I am not playing with semantics at all. Professor Pattiaratchi’s statement is wrong. Previous aircraft accidents do not show that a crash at sea will create a debris field of many thousands of pieces.
The matter is very easily settled. Simply point readers to the previous aircraft accidents where a crash into the sea liberated ‘many thousands of pieces‘ of floating debris (they are few and far between) and then compare that to the number of accidents that produced floating debris fields of less than one thousand pieces (that would be the majority of such crashes). The data does not support the Professor’s contention.
As to the extent of the floating debris field left by MH370, I wouldn’t speculate because what previous aircraft accidents have shown us is that the amount of floating debris liberated seems to depend on the nature of the impact (that is speed (both vertical and horizontal) and, likely more importantly, the aircraft’s attitude and orientation on impact).
Did MH370’s initial floating debris field consist of thousands of pieces? Maybe, but based on previous similar accidents, it is far more likely that the floating wreckage items numbered fewer than that.
I apologise for being misleading, it was certainly not intentional.
To be clear, I agree with you that Prof. Charitha Pattiaratchi should have used the word “may” instead of “will” in the statement you quoted and found “wrong”. I was not trying to defend Prof. Charitha Pattiaratchi’s statement, nor was I wanting to comment on your research into other aircraft crashes, I was wanting to make a point specific to MH370.
In my paper and in my blog in my role as a contributor, I have stated that “The total number of debris items would be 35,740, if the aircraft fragmented at the same rate as the 33 debris items found.” and “There were items found from every part of the aircraft, nose, tail, wings, engines and cabin. Debris items comprise both interior and exterior parts, which implies the aircraft broke up on impact.” and “Following the crash of AF447 in the Atlantic Ocean on 1st June 2009, around 1,000 items of floating debris were found and recovered within the first 26 days.” I am not saying that there were 2 million parts, nor am I saying there were less than a hundred parts, which you quote from your research. I conclude in my drift paper “I would expect, that at least 300 and possibly many more items beached, somewhere at sometime.” What conclusion do you come to regarding the number of MH370 floating debris items? What conclusion do you come to regarding the crash latitude of MH370?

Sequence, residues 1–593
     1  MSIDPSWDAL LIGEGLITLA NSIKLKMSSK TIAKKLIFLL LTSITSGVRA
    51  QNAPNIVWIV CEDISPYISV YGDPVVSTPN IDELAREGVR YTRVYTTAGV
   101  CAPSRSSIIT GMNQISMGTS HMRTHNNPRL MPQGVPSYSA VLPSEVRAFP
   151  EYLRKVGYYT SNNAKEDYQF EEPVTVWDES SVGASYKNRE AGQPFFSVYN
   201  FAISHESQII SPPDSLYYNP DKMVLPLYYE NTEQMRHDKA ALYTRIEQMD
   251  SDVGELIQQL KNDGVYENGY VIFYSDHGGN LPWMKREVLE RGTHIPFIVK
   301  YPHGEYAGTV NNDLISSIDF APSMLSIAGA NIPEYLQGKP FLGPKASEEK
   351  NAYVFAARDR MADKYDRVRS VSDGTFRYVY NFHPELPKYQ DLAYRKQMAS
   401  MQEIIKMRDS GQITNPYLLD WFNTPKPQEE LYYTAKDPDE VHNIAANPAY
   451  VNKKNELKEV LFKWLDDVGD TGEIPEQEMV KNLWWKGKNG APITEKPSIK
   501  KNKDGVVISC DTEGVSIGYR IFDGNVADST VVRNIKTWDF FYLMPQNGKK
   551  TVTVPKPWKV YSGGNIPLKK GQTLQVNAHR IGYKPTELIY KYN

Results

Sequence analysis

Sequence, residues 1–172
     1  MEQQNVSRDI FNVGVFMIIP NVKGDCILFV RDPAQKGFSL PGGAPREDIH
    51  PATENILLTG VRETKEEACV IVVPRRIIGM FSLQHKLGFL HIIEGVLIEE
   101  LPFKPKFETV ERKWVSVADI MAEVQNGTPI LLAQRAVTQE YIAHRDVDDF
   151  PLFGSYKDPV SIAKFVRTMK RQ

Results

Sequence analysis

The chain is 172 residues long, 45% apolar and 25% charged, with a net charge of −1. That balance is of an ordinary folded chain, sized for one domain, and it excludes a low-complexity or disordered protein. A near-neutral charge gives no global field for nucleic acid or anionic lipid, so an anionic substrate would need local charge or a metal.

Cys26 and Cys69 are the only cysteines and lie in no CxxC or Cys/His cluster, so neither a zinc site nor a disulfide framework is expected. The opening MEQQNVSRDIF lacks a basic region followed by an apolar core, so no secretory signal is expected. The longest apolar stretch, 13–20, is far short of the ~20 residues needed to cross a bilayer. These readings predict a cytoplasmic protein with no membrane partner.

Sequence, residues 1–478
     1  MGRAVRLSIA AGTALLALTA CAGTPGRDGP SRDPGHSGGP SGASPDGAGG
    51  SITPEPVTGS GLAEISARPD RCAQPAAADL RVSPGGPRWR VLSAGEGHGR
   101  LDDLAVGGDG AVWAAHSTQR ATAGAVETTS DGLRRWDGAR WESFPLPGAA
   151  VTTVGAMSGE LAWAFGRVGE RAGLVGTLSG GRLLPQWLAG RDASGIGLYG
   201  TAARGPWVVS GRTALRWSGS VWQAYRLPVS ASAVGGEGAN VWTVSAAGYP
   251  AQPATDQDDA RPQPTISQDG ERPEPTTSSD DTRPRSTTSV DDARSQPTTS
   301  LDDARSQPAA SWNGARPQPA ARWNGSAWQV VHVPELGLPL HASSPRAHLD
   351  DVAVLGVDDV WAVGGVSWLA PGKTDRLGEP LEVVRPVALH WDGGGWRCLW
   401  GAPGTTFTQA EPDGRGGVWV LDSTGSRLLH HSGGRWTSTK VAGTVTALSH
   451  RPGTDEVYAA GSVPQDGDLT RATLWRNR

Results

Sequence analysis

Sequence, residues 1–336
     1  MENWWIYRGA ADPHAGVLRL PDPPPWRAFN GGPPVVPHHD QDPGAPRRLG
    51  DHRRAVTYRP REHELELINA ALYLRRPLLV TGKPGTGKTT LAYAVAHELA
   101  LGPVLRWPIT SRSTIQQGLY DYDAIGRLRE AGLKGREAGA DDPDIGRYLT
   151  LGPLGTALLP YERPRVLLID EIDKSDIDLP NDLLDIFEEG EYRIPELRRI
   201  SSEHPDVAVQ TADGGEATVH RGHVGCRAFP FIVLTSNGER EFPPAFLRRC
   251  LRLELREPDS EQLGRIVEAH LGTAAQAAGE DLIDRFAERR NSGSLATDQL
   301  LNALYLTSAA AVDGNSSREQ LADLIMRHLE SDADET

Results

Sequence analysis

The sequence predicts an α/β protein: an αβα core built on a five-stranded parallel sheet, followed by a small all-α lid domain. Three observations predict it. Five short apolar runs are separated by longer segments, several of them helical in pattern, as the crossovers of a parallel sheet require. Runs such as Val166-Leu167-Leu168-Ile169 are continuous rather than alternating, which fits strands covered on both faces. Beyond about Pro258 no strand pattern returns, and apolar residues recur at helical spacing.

As far as Western Australia is concerned I have stated “Since 14 out of 33 MH370 floating debris items were found on offshore islands in Mozambique, Mauritius, Madagascar and Tanzania, it is important to include offshore islands in the analysis, otherwise you are distorting the facts.” Why do you think it is misleading to include offshore islands? What conclusion do you come to regarding the crash latitude of MH370 particularly from the absence of finds in Western Australia?
In my role as moderator, I have only warned one contributor for offering pictures of body parts of MH370 passengers, which I deemed insensitive to the NOK. I have not banned anyone from this web site or blog and allowed everyone to make their arguments, even if I personally disagree.
Richard, thanks for that – I thought that we may have been talking about different things regarding the Professor’s statement. The ‘many thousands’ line is a bit of a pet peeve of mine; it’s one of those things that sounds as though it should be right but that is contradicted by the data.
Regarding including the island coastlines, I have no real issue with that if it is restricted to islands in the range of latitudes where you expect beachings to occur. Tangaroa Blue routinely clean up some of the coastal islands in that zone – eg Morley Island, Gun Island, Murray Island, Middle Island, the Numbered Islands, etc
Regarding Western Australian beachings, I think the telling factor is that your modelling predicts very, very few for your range of crash latitudes on the 7th arc.
With regards to your estimate of 35,740 debris items, that’s most assuredly an interesting approach. If we run with that and then apply the Swissair 111 experience where at least 95 percent of the debris sank, we have 1,787 pieces of floating debris. That strikes me as being a there or thereabouts estimate.
Separately, and going back to Australian beachings, would it be an overly onerous task to produce a beaching map for 7th arc latitudes between say 38.5°S and 41.5°S? I suspect those latitudes would put a far bit of debris onto southern Western Australian beaches as well as the Great Australian Bight and western Tasmania.